There is something to be said for the ciabatta, too! The ciabatta are crispy (and taste buttery… although they don’t butter them!) and don’t detract from the sandwich contents. There’s just enough bread to hold all that flavourful meat and accompanying sauce together – which is definitely what you want, considering that these are pricey sandwiches at $7 or $8 a pop, depending on what you get! Although I think the sandwiches are probably all great and I love the whole “simple” concept (which, don’t get me wrong, Meat and Bread pulls off extremely well, what with placing focus on menu item quality as opposed to quantity), I think the only thing on their menu I would change would be to offer something else instead of a grilled cheese sandwich as one of the four options. Oh, and I’d pull the salad from the menu. Yes, so says the reformed salad-lover who has taken a year to realise that ordering salads at restaurants is a waste of money (pretty much). (I did not come to Meat and Bread for a salad…) But I digress…
Again, as Mijune rightfully concluded: Meat and Bread may not have “the best sandwiches EVER”, it definitely dominates the whole “gourmet sandwich” niche and really delivers in terms of taste. Personally, I love the emphasis on quality meats and think that the seemingly high price-tag is totally worth it for what you get. Would I return or recommend this place to others? Count on it.
Meat and Bread, I’ll be back.
Of all the places I have been but not blogged about, I was disappointed and kind of ashamed when I realised I had never written about Nuba – the restaurant one on Hastings. I’m sure the cafés (one on East 3rd Ave., one on Seymour St. in Yaletown, and one in the Waldorf Hotel on Commercial) are just as amazing, but for the largest menu and an amazing first experience, I would highly recommend the main restaurant!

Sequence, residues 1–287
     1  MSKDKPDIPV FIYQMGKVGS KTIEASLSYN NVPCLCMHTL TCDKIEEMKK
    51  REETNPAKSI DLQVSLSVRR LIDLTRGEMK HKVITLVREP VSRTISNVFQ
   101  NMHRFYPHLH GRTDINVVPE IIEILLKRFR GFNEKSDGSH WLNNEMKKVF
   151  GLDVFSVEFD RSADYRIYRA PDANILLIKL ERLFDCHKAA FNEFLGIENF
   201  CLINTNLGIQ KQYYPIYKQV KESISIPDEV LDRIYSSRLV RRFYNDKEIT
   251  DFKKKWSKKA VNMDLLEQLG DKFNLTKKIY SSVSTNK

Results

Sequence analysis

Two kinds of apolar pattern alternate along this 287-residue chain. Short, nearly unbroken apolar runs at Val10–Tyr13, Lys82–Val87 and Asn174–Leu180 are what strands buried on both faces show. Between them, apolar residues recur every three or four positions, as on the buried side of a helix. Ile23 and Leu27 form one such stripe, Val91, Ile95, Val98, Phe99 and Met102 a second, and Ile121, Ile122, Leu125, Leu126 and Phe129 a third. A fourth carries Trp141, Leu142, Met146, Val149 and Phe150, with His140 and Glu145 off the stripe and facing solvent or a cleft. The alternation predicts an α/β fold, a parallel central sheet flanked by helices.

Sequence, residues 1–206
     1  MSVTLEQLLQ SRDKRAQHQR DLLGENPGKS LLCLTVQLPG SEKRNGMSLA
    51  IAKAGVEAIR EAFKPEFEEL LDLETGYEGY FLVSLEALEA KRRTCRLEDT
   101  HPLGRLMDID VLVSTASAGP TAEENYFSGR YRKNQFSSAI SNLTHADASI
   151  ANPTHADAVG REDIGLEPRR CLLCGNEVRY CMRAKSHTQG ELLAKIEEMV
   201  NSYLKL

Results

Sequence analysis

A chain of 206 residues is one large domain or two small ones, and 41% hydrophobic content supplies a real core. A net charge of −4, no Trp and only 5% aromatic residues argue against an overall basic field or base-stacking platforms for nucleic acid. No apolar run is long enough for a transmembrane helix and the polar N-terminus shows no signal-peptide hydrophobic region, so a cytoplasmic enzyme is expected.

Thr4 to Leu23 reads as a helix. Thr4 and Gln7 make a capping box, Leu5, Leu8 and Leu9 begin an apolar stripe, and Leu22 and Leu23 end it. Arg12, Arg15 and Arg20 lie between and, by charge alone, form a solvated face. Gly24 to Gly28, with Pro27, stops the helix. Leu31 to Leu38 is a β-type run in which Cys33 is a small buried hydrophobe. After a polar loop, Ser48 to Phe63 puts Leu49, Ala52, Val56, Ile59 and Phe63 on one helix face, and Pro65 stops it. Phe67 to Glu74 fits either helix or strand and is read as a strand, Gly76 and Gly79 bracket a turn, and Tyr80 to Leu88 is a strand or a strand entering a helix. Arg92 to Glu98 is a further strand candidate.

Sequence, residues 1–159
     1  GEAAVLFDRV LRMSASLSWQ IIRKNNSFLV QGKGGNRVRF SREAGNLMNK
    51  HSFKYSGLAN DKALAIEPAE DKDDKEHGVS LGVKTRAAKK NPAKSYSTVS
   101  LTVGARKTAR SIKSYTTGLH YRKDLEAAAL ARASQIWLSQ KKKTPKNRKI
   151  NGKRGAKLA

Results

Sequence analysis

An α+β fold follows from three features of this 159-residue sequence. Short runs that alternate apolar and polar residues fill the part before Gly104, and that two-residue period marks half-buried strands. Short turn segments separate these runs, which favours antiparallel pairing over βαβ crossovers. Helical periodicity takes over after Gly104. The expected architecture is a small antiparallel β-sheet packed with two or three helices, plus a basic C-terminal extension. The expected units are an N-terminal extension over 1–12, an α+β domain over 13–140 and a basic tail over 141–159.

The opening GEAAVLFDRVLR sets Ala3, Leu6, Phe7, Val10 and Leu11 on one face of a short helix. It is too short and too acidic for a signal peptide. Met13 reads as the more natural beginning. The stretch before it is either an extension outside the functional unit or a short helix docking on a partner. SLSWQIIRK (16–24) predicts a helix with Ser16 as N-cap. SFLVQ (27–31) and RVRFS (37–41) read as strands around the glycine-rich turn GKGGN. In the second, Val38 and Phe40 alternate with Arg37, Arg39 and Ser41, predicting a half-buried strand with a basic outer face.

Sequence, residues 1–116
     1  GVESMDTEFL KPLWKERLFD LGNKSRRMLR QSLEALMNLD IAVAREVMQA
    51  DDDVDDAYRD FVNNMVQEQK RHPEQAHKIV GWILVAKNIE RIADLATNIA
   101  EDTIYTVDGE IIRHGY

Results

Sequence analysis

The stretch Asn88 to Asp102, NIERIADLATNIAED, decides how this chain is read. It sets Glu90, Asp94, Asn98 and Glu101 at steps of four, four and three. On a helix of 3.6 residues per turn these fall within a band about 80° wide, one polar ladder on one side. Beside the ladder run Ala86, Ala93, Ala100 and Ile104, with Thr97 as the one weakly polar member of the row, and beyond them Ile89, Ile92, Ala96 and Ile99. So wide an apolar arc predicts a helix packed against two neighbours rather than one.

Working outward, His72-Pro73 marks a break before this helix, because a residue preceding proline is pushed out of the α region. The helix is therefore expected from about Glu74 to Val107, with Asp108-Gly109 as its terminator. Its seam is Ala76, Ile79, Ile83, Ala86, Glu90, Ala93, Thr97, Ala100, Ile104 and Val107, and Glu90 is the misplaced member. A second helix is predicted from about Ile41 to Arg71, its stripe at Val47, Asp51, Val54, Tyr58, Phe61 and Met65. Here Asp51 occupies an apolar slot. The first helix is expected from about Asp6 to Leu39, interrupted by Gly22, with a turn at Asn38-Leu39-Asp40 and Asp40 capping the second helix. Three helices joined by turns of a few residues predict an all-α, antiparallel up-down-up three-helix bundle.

Emme and I set out one midweek afternoon specifically in search of Nuba, despite Emme’s great reluctance to venture anywhere near Gastown and Hastings, and actually walked by the entrance a couple of times because we were searching before the clock hit 5 o’clock. Of course, after 5p.m. it’s impossible to miss it when you walk by it. We were lucky to arrive so early, seeing as it seemed that every table was reserved for later that evening, and the waitress could only guarantee us an immediate seat if we left before 7:30p.m. A two-and-a-half hour window for eating dinner is quite generous, so we easily promised to be gone before then.
Nuba has a very cozy feel, which may be in part due to the fact that is partially underground. While achieving a warm and welcoming interior, it still has very tastefully done décor. It is definitely, in my and Emme’s opinions, one of those restaurants that makes you feel like you could just kick back and lounge around, enjoying good food and conversation. (None of that for us that evening, though, of course – what with the ‘time restraint’… and the fact that we were seated at a table instead of a couch!) It is definitely great that they offer different seating selections, though; you can choose to sit and casually enjoy your dinner on couches or take the traditional table route… or, of course, sit at the bar if all the tables are taken or you’re there for drinks rather than awesome food.
And so, speaking of awesome food… Emme and I enjoyed all of the dishes we ordered. That said, however, we didn’t order that many things. One thing I can say about this: our number one mistake that evening was going to Nuba not feeling particularly hungry. We had both had big lunches, and weren’t too hungry only a couple hours later. Although, considering the prices, this might be a good thing. Considering how fantastic the food was that night, this was a bad thing.
Emme ordered a hot appetizer or mezze that was a special of the day: a Beef Tenderloin steak that came with hummus and pita on the side. I’m not sure – and not sure Emme is either – about what exactly was on top, but the crunchy topping was a wonderful accompaniment to the most tender cut of steak Emme has supposedly ever had. The swirled sauce was unexpectedly sweet, but somehow perfectly matched the ‘gamey’ taste of the meat. Her only complaint was that the portion was so small for the price, but it was an appetizer… and Nuba is definitely not a cheap place to eat for dinner. The hummus that was on the side was intended for dipping with the warm, toasty pita pieces that came with the meal, was what we both attacked when the plates initially came. We are hummus lovers.It lived up to our expectations, which are typically quite high for hummus. It is such a simple dip to make, but Nuba definitely did it justice.